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5 Ways to Make Your Home Greener

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5 Ways to Make Your Home Greener

Many people are choosing to embrace a more responsible, sustainable lifestyle — “greener” living — to help the environment. Yet becoming more environmentally friendly can extend beyond reusable water bottles and shopping bags.

Your house can “go green,” too.

House made out of grass and leaves

There’s another potential benefit: You might save yourself some “green” on your monthly utility bills, including energy and water. So let’s take a closer look at strategies for (and potential benefits of) reducing your home’s impact on the environment.

What makes a house green?

Making your home greener — or more environmentally friendly — includes incorporating practices and adjusting to help reduce energy consumption, minimize waste and promote sustainability. Think efficiency! Saving energy, saving water and saving materials can benefit both the planet and your pocketbook.

Ready to go green? A home energy assessment is a great first step.

A home energy assessment can help demonstrate how much energy your home uses — and prioritize areas where you could be more efficient. The U.S. Department of Energy recommends a professional home energy assessment,1 but also offers do-it-yourself tips to help, including (but not limited to):

  • Locating and addressing drafts around windows and doorframes that can let heat enter or exit your home.
  • Checking exhaust fans and ventilation near stoves (especially gas ones) and fireplaces.
  • Inspecting the quality and status of caulking and insulation.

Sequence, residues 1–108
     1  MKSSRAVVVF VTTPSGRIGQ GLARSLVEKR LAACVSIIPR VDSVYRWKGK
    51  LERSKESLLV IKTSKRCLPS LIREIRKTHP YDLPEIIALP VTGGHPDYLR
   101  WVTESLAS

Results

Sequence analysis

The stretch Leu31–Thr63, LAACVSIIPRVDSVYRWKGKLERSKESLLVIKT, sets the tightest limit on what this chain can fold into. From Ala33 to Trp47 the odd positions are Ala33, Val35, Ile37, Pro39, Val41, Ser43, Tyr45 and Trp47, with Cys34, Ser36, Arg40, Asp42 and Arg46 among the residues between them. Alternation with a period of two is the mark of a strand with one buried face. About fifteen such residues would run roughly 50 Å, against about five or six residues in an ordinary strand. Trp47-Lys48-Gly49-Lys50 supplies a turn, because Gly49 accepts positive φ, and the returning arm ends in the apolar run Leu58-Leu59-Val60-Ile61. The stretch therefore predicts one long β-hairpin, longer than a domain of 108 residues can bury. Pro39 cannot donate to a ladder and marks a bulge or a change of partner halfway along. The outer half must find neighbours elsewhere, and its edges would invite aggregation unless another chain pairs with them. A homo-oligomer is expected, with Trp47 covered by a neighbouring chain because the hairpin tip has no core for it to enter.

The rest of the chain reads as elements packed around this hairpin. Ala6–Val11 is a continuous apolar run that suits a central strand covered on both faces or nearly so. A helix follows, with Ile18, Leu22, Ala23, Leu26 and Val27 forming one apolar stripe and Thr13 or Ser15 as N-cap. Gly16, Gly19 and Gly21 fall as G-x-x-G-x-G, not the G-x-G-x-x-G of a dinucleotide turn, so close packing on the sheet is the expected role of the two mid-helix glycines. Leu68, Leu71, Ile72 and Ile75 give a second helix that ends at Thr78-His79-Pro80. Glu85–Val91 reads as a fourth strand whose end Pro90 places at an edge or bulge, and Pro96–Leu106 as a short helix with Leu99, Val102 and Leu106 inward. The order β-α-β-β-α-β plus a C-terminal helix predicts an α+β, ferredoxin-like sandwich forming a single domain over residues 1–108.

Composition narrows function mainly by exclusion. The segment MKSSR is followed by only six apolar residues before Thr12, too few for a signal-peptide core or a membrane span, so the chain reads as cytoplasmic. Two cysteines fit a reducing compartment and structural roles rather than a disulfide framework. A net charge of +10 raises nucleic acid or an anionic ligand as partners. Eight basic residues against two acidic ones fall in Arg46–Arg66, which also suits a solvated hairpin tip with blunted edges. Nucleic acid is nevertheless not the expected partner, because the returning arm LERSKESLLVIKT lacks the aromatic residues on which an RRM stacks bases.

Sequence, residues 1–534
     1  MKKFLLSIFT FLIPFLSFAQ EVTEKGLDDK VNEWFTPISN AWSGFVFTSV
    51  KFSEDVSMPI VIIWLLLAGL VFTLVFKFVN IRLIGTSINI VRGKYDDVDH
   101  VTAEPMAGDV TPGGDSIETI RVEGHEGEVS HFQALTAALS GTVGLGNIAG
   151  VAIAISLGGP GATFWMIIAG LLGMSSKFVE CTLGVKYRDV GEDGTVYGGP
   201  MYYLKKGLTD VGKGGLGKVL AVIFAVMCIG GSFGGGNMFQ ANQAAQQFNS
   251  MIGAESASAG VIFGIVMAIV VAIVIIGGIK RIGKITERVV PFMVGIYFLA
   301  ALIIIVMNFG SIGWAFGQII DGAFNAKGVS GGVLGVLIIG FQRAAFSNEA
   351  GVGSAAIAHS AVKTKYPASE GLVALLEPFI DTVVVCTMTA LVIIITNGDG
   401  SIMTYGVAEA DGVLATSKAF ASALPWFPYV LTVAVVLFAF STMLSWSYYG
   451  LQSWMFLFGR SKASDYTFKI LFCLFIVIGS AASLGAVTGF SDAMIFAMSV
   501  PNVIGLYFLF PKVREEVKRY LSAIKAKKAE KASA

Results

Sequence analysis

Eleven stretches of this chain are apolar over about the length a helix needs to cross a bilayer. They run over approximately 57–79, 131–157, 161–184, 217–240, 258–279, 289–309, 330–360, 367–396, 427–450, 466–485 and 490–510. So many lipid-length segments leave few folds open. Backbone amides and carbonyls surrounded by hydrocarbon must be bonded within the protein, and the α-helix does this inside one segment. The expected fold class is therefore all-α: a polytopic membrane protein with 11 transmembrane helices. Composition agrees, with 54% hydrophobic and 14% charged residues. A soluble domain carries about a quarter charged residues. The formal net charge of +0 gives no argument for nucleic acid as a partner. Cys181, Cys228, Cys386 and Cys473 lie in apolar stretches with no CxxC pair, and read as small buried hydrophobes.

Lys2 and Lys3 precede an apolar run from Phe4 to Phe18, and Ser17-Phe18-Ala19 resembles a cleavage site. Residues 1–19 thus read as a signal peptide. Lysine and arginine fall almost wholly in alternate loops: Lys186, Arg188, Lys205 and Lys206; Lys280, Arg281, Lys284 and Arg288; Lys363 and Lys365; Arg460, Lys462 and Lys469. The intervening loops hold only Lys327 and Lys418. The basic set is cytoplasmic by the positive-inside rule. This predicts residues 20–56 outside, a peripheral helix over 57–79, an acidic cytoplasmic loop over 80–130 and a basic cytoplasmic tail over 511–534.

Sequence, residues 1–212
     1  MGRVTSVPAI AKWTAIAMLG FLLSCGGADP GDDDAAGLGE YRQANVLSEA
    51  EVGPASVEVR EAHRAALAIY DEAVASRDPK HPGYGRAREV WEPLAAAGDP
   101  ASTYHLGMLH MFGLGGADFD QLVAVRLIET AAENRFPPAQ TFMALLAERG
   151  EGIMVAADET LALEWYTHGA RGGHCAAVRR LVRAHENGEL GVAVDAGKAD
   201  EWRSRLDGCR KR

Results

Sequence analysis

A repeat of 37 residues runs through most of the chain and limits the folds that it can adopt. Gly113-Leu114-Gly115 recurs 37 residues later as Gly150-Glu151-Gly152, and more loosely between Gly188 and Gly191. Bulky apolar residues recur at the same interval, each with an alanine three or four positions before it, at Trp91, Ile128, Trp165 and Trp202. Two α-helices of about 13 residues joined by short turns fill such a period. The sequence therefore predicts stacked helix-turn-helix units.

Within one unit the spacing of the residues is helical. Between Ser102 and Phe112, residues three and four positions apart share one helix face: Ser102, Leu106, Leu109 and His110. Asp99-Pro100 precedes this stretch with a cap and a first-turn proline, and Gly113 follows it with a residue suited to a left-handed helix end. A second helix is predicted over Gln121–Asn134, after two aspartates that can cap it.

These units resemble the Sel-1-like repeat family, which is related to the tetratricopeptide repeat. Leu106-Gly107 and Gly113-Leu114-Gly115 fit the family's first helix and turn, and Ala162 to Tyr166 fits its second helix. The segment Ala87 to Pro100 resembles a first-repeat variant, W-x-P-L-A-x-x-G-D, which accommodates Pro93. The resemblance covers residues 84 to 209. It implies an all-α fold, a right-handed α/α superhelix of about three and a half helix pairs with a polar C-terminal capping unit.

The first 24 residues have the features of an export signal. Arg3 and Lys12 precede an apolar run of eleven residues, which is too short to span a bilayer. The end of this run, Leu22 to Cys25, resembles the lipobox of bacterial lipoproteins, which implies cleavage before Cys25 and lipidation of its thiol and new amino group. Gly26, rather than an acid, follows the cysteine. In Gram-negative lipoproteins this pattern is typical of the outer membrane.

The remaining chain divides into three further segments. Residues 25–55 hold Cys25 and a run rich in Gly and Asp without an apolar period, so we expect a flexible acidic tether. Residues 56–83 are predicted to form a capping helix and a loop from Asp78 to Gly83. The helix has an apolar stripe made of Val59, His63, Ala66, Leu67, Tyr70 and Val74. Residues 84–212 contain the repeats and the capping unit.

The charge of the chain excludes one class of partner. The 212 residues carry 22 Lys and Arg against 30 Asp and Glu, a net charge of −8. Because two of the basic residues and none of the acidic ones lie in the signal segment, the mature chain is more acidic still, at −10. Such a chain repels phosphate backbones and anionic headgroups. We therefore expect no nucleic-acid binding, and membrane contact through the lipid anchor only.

• Reviewing and replacing filters on heating and cooling units.

»Tip: As you look to make your home greener, you may also save money and leave more green in your wallet. Explore what incentives are available to help defray the cost. The Inflation Reduction Act of 20222 expanded the home energy tax credit amounts and types of qualifying expenses. There may also be rebates available from appliance manufacturers or your utility company.

Here's how to make your home greener:

Below are five ways toward a greener home — and some potential financial rewards.

1. Energy efficiency upgrades

When it comes to greener energy and water usage inside your home, think about little changes — upgrading old power strips to prevent power drain or replacing old bulbs with LED lighting (which lasts longer and uses less energy). Small laundry hacks like washing your clothes with cold water and hanging them to dry also save energy.

A bigger step toward green living is to invest in energy-efficient appliances. Upgrading old appliances to newer ones with the Energy Star symbol significantly reduces electricity consumption. Energy Star Home Upgrade recommends energy efficiency improvements3 with high impact and potential tax credits, including adding insulation, energy-efficient windows and smart thermostats.

Smart, or programmable, thermostats mean that you don’t have to remember to adjust the temperature throughout the day. They also optimize heating and cooling to help maintain a more consistent temperature in extremely hot or cold months, reducing energy waste.

»Tip: Improving insulation in your home and sealing drafts to minimize heating and cooling energy needs not only saves energy — it can extend the life of your HVAC system.

2. Sustainable materials and practices

If you’re building or remodeling, consider eco-upgrades from the start. Some of them rival — or exceed — the quality of traditional materials. For instance, eco-friendly building materials like stone, bamboo flooring, reclaimed wood or recycled materials can add texture and appeal. Prioritize products made from recycled materials and if you’re renovating, look at how you can incorporate and use natural light during the day to help save energy. And following tip #1, include energy efficiency steps like adding insulation or using energy-efficient appliances.

You can also practice energy-saving habits like turning off lights when not in use and unplugging electronics.

Food and yard waste make up a significant portion of landfills and produce harmful methane gas. Be sure your home participates in community or neighborhood recycling efforts. If you’d like to move a step beyond the basics, you might want to explore rainwater harvesting and start composting organic waste4 to create nutrient-rich garden soil and reduce landfill contributions.